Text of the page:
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Your Take: Anger At Banker Pay

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When Goldman Sachs announced it would set aside $10 billion for staff pay this year, CNN Money went to the Occupy Wall Street demonstrators and asked them what they thought. It was equal to $292,000 per employee, which is a drop of $78,000 from last year. The responses were what you’d expect – everyone was upset. They didn’t know why people needed to be paid that much.

Here’s the crazy part – bankers aren’t paid huge sums everywhere. In Germany, bankers aren’t paid millions to do their jobs (I was very surprised to read how little they made). In the United States, where capitalism meets unchecked human greed, bankers are paid like professional athletes (you could argue athletes are paid too much, but that’s at least sustained by sports revenues). The bar keeps getting set higher and higher in order to get the “best talent,” whatever that may be in the eyes of the person writing the checks.

We pay bankers too much because we knocked down that wall separating basic banking and speculation. Speculators who guess right can pay vast sums to people who are good at picking the winning bets. Basic banking is boring, there’s no leverage, and you can’t make absurd sums of money. It’s like a grocery store that sells lottery tickets. The lottery tickets can make big bucks but lettuce and oranges are boring low margin items. When parts of Glass-Steagall were repealed, it set the stage for what happened. For political folks keeping score at home, the repeal was a bi-partisan effort. It was sponsored by Republicans, passed in a Republican Congress, and a Democrat President (Clinton).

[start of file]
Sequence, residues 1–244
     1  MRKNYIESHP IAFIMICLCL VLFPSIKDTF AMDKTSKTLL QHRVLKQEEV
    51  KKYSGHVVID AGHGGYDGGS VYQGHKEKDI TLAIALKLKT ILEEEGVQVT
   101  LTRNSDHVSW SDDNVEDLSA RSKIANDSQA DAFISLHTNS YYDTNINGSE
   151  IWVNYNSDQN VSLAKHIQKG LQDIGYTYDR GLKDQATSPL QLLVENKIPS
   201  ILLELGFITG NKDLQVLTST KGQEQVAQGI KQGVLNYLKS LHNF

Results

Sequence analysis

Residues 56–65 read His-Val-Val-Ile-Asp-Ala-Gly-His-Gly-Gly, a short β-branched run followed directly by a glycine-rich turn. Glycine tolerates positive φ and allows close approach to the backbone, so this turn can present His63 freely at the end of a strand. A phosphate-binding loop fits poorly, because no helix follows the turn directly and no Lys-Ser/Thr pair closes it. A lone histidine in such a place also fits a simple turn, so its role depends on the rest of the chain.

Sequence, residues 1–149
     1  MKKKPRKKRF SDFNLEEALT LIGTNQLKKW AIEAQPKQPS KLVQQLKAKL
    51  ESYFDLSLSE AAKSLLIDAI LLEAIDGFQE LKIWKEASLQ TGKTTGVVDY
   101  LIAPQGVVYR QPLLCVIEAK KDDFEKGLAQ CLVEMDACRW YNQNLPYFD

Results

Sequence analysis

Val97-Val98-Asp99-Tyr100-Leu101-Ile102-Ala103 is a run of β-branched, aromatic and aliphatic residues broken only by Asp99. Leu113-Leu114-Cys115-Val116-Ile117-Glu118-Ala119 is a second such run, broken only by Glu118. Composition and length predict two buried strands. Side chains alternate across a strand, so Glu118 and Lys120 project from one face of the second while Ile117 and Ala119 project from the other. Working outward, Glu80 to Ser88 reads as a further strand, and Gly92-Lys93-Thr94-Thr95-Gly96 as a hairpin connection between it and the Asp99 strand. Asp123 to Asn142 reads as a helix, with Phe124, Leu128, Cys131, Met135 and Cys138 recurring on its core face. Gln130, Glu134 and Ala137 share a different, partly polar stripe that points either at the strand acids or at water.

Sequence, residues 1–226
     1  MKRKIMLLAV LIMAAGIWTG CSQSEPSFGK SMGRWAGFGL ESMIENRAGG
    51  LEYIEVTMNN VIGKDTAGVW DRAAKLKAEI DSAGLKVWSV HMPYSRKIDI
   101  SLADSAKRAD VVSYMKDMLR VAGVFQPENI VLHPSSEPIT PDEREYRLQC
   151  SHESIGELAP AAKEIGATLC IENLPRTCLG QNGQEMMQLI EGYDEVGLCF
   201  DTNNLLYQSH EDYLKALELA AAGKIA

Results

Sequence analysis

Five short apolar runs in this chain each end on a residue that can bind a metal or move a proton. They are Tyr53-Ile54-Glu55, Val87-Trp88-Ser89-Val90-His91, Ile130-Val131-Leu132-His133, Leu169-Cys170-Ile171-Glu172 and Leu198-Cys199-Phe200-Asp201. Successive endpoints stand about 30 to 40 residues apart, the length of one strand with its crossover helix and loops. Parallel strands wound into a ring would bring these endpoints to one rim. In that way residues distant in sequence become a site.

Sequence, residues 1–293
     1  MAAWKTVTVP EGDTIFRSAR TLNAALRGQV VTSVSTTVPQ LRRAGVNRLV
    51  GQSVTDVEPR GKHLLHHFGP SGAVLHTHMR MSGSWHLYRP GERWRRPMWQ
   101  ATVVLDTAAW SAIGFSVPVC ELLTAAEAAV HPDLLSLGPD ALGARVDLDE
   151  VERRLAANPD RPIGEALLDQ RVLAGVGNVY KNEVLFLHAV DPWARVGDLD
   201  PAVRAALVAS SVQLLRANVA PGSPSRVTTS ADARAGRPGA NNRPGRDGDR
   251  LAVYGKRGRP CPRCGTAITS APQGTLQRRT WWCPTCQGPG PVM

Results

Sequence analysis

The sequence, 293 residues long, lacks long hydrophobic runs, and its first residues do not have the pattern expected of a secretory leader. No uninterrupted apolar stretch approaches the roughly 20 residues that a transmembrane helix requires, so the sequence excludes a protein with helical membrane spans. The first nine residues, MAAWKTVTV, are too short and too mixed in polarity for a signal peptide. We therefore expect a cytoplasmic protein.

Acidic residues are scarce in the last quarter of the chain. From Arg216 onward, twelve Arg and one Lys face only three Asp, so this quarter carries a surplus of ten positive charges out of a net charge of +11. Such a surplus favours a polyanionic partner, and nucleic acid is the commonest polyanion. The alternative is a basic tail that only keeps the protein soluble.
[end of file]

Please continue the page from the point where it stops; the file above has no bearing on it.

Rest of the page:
So being paid vast sums is offensive, especially with unemployment is at fault, but politicians deserve the ire.

I’m curious to hear what you think about bankers being paid that much?

{ 36 comments, please add your thoughts now! }

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36 Responses to “Your Take: Anger At Banker Pay”

  1. Traciatim says:

    I’d much rather see if the median was much lower than just look at the average. Are you sure your customer service reps, loan sales reps, and the people that actually get the meat of the work done are being paid even half the average?

    10B at 292k puts them at 34264 employees. I think the problem is that they probably have 50 employees making upwards of 50 million a piece, and front line staff making 30K. I think that is the much bigger issue than the average being 292K.